Spring practice is in the books for Ole Miss, and now the countdown to the Sept. 5 season-opening showdown against Florida State is officially on.
Of course, the Rebels used the spring to figure out how to replace three guys who could be drafted in the first round of the NFL draft later this month, but there were also other key losses on the Ole Miss roster that led to some question marks for the program.
Overall, coach Hugh Freeze said he was pleased with what he saw from his team over the past month, and the best news of all is that no one went down with a major injury.
Here are 6 things we learned about Ole Miss this spring:
Ole Miss will be fine at wide receiver without Laquon Treadwell
It’s nearly impossible to replace a guy who set all sorts of school records and is the proverbial favorite to be the first receiver selected in the NFL draft, but the depth the Rebels have at wide receiver makes up for the loss in production without Treadwell.
Everyone knows that receivers Damore’ea Stringfellow and Quincy Adeboyejo as well as tight end Evan Engram can be big receiving threats in the SEC, but Ole Miss also got a good spring from redshirt freshman wide receiver Van Jefferson, who Freeze said was the most improved offensive player, and sophomore wide receiver Damarkus Lodge.
Jefferson is a solid route runner with good hands, while Lodge has the ability to make the highlight catches. And don’t forget about veterans Markell Pack and Derrick Jones, who both have shown their ability to make plays in the SEC as well.
Offensive line may be better than expected
The biggest issue for Ole Miss’ offense under Freeze is its inability to run block consistently against elite defenses.
That problem stems from poor play along the offensive line, and when you lose five major contributors, including Laremy Tunsil, you’d think the unit as a whole would take a big step in the wrong direction, but that might not be the case.
With sophomore Javon Patterson, sophomore Jordan Sims and junior Rod Taylor all proving themselves as SEC-level guards, Ole Miss has a chance to have the most consistent interior offensive line play since Freeze took over in Oxford, Miss.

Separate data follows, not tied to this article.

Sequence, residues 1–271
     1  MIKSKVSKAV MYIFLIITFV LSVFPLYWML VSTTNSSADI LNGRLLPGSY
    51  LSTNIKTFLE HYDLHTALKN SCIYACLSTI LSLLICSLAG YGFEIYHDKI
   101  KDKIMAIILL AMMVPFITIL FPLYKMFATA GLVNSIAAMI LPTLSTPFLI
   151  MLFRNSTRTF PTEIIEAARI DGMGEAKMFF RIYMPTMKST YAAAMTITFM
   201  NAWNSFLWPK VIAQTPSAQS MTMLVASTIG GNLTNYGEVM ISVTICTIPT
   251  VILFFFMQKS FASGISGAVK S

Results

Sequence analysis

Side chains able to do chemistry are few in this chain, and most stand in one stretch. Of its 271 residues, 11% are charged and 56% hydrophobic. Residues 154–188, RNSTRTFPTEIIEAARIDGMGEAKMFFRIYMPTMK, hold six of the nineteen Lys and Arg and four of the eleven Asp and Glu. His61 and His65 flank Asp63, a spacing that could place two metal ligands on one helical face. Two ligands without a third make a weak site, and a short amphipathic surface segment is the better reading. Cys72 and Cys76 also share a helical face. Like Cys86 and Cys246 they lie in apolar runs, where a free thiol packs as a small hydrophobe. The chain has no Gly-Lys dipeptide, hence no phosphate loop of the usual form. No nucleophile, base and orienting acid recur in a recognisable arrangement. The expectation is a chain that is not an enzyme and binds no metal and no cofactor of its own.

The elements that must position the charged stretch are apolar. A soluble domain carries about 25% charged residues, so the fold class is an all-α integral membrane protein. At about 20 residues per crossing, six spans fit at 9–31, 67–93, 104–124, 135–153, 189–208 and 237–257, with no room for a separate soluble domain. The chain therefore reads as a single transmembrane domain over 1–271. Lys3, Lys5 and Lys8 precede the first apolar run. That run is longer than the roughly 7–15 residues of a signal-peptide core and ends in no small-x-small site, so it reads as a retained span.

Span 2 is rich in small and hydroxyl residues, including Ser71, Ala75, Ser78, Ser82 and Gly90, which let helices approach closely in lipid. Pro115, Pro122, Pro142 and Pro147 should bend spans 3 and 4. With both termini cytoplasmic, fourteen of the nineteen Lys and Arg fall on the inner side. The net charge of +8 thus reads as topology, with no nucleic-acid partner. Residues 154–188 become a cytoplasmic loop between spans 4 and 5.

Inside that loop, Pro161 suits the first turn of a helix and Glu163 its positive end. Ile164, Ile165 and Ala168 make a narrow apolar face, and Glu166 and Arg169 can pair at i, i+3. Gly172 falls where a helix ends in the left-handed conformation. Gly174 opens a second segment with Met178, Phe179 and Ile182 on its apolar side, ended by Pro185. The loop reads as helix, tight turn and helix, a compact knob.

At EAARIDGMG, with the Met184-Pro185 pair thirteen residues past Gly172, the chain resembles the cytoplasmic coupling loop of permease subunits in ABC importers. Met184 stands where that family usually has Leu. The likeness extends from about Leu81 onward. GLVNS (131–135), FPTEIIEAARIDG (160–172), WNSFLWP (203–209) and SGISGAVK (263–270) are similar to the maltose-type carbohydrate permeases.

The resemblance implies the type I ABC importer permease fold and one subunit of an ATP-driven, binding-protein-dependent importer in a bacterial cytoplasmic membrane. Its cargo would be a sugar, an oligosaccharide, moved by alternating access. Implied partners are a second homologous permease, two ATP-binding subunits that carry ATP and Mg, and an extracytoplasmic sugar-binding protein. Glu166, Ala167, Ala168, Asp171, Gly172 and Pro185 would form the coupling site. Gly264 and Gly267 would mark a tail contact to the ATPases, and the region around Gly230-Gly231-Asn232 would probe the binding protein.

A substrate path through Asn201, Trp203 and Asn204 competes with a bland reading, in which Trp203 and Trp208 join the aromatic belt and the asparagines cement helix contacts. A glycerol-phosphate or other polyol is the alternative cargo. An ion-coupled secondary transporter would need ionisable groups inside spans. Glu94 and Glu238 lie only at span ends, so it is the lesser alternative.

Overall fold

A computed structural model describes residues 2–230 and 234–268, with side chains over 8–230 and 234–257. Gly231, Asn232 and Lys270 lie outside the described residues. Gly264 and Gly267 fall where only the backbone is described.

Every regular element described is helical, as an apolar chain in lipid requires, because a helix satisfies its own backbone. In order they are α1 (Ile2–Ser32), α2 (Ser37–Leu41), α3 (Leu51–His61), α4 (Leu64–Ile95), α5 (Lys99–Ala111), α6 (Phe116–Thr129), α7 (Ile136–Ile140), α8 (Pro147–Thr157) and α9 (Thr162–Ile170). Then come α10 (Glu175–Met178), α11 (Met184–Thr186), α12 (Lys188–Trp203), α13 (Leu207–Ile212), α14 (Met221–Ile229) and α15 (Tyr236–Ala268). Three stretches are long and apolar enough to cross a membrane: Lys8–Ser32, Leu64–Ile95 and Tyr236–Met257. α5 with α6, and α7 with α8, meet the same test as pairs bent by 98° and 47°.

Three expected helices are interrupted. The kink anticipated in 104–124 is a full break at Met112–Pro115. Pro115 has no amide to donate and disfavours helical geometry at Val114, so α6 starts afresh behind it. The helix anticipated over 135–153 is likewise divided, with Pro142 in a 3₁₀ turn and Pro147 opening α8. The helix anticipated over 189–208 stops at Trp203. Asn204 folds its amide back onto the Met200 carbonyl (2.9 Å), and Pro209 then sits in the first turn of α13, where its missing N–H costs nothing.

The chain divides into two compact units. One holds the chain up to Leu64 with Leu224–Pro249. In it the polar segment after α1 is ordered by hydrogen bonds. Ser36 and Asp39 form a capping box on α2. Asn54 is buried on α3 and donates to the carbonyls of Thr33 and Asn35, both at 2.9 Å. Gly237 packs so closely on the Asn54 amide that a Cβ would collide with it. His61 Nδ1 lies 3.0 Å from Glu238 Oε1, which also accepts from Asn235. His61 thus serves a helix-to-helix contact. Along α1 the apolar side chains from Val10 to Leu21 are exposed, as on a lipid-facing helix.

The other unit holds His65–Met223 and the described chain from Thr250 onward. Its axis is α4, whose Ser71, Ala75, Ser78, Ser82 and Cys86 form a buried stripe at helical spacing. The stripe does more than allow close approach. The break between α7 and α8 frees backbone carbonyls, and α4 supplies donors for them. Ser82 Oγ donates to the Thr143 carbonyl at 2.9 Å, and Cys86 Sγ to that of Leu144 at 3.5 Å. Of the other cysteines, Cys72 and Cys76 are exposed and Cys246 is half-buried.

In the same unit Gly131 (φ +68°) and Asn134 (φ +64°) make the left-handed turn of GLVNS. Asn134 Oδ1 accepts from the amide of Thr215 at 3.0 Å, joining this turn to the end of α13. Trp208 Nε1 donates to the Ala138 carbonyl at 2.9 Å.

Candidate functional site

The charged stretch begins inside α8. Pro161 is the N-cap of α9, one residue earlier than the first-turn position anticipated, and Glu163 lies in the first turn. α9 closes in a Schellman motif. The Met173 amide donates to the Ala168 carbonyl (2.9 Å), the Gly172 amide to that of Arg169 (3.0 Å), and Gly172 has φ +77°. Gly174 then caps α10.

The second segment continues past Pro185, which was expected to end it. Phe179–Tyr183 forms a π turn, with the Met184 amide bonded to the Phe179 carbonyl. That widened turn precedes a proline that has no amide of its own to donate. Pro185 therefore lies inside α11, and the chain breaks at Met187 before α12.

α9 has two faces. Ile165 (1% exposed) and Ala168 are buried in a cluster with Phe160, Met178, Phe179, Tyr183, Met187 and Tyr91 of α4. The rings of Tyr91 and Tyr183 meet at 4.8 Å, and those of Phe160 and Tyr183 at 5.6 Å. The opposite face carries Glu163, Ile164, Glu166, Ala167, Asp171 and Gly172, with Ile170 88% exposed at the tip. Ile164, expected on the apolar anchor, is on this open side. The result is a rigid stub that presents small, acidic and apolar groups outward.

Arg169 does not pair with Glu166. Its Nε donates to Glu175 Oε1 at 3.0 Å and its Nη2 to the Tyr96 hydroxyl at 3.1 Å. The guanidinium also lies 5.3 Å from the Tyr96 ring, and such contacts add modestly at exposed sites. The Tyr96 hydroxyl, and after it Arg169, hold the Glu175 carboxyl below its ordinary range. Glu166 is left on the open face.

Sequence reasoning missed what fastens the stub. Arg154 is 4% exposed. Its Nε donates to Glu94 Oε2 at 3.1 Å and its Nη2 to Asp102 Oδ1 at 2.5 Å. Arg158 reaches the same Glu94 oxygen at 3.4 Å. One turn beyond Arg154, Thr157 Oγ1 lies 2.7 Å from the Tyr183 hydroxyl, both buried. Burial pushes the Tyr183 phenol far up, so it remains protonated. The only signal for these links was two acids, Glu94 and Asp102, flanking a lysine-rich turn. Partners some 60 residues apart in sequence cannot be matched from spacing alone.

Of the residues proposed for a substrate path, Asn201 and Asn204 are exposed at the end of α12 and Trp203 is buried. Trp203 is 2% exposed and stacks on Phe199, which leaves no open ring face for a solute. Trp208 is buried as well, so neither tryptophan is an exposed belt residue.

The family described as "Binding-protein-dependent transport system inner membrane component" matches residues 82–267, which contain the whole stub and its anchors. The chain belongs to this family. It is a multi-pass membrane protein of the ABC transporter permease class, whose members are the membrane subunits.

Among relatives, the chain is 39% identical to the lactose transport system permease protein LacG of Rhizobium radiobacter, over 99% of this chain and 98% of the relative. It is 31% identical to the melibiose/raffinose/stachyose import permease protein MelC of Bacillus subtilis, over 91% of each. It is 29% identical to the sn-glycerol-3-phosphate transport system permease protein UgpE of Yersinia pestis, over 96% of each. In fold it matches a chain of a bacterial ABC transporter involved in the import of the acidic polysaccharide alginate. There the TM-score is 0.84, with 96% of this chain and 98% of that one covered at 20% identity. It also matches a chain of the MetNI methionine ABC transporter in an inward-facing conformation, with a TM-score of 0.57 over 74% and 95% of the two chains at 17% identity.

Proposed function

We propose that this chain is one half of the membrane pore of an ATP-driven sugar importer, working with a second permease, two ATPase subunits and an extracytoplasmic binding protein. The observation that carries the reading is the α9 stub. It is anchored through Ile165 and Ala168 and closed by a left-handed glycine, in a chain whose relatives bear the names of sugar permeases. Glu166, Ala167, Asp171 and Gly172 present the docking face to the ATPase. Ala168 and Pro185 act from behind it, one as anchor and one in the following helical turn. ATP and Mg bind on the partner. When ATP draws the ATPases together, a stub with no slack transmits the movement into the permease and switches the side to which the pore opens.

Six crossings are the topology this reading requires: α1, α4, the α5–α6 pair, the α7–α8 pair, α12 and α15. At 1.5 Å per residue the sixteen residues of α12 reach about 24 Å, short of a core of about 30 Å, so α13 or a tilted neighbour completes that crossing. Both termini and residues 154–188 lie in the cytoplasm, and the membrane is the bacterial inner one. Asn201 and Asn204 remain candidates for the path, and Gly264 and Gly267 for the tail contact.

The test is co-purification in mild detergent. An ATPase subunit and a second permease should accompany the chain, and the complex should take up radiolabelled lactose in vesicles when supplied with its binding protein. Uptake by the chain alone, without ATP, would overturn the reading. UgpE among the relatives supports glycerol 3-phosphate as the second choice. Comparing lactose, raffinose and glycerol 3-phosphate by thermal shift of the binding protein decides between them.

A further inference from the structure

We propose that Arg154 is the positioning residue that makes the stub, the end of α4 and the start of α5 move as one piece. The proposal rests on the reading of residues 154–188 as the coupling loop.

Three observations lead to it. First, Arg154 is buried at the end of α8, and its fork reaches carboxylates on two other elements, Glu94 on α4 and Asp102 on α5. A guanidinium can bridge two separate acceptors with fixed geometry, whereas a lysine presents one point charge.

The biggest concern comes at tackle. This spring, senior Jeremy Liggins and redshirt freshman Alex Givens worked at tackle, but Ole Miss will look to add true freshman Greg Little, who was the nation’s No. 1 offensive lineman in the Class of 2016, according to 247Sports Composite rankings, to the mix early on. Also, senior Robert Conyers and sophomore Sean Rawlings will both play a lot, either at center or tackle.
Quarterback play in good hands for years to come
Chad Kelly returns as Ole Miss’ quarterback, but the Rebels should be in good shape at quarterback for several years down the road.
With Kelly missing the last couple weeks of spring after having surgery to repair a sports hernia, true freshman Shea Patterson, the nation’s top-ranked pro-style quarterback in the Class of 2016, according to the 247Sports Composite rankings, got extra reps with the first team.
Freeze said Patterson was the most college-ready freshman quarterback he’s seen during his time at the collegiate ranks, so there’s no denying the excitement about his future with Ole Miss.
Defensive line shouldn’t miss a beat
Despite losing Robert Nkemdiche, Woodrow Hamilton and a few other big contributors, the Ole Miss defensive line should be among the best in the SEC in 2016.
Defensive end Marquis Haynes returns as one of the league’s best pass rushers, D.J. Jones picked up where he left off at the end of 2015, and a host of young guys are stepping up at the right time.
There’s a lot of excitement surrounding sophomore defensive tackle Breeland Speaks and senior Issac Gross, who missed all of 2015 with a neck injury. Defensive end Fadol Brown, who had offseason foot surgery, will return to rotation as well.
That’s not to mention the likes of true freshman defensive tackle Benito Jones, sophomore Victor Evans and sophomore defensive tackle Ross Donelly who are among a talented crop of young playmakers.
Jury still out on the secondary
Freeze said he was pleased with the play of the safeties for Ole Miss this spring, but there’s a sense of “won’t believe it until you see it” with this unit.
The Rebels are left with junior C.J. Hampton as the only guy with a lot of experience at safety, and senior Tony Conner is coming off a major injury at the Rebels’ hybrid linebacker/safety Huskie position.
Outside of those two guys, there are a lot of young guys being relied on, and while the talent may be there, it’s hard to know how good they can be until you see them in game action.
Some stability at corner, with senior Tony Bridges and junior Kendarius Webster leading the charge, should help, but there will be some anxious moments before really feeling good about the back end of the Landsharks’ defense.
DeMarquis Gates turning into a star at linebacker
The biggest question mark for Ole Miss defensively is without a doubt the play at linebacker.
The Rebels have help on the way with graduate transfer Rommel Mageo coming from Oregon State and junior college linebacker Detric Bing-Dukes, who was a late addition to this year’s signing class.
However, junior DeMarquis Gates may be primed for a breakout season if this spring was any indication. The talent has always been there for the 6-foot-2, 217-pounder, and the light bulb came on late last season, which should put him in position to have a big year this fall.